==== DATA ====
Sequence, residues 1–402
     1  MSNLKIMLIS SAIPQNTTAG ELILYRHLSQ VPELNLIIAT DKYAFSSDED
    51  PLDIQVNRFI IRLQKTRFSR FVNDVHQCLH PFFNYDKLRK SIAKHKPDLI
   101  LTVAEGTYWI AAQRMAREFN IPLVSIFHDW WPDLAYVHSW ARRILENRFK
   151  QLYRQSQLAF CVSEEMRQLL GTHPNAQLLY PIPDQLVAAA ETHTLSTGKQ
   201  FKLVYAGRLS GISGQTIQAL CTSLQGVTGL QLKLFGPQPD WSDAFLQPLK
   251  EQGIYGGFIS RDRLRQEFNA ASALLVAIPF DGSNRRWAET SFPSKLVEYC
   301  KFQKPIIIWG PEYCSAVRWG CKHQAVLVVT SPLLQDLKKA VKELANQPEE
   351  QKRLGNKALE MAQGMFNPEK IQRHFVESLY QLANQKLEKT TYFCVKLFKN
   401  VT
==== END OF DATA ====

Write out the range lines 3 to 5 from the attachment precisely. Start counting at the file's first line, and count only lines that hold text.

    51  PLDIQVNRFI IRLQKTRFSR FVNDVHQCLH PFFNYDKLRK SIAKHKPDLI
   101  LTVAEGTYWI AAQRMAREFN IPLVSIFHDW WPDLAYVHSW ARRILENRFK
   151  QLYRQSQLAF CVSEEMRQLL GTHPNAQLLY PIPDQLVAAA ETHTLSTGKQ